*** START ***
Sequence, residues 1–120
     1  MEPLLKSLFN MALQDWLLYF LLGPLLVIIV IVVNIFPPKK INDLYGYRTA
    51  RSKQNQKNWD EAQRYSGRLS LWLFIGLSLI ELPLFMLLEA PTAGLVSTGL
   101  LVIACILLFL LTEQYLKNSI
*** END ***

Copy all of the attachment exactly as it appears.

Sequence, residues 1–120
     1  MEPLLKSLFN MALQDWLLYF LLGPLLVIIV IVVNIFPPKK INDLYGYRTA
    51  RSKQNQKNWD EAQRYSGRLS LWLFIGLSLI ELPLFMLLEA PTAGLVSTGL
   101  LVIACILLFL LTEQYLKNSI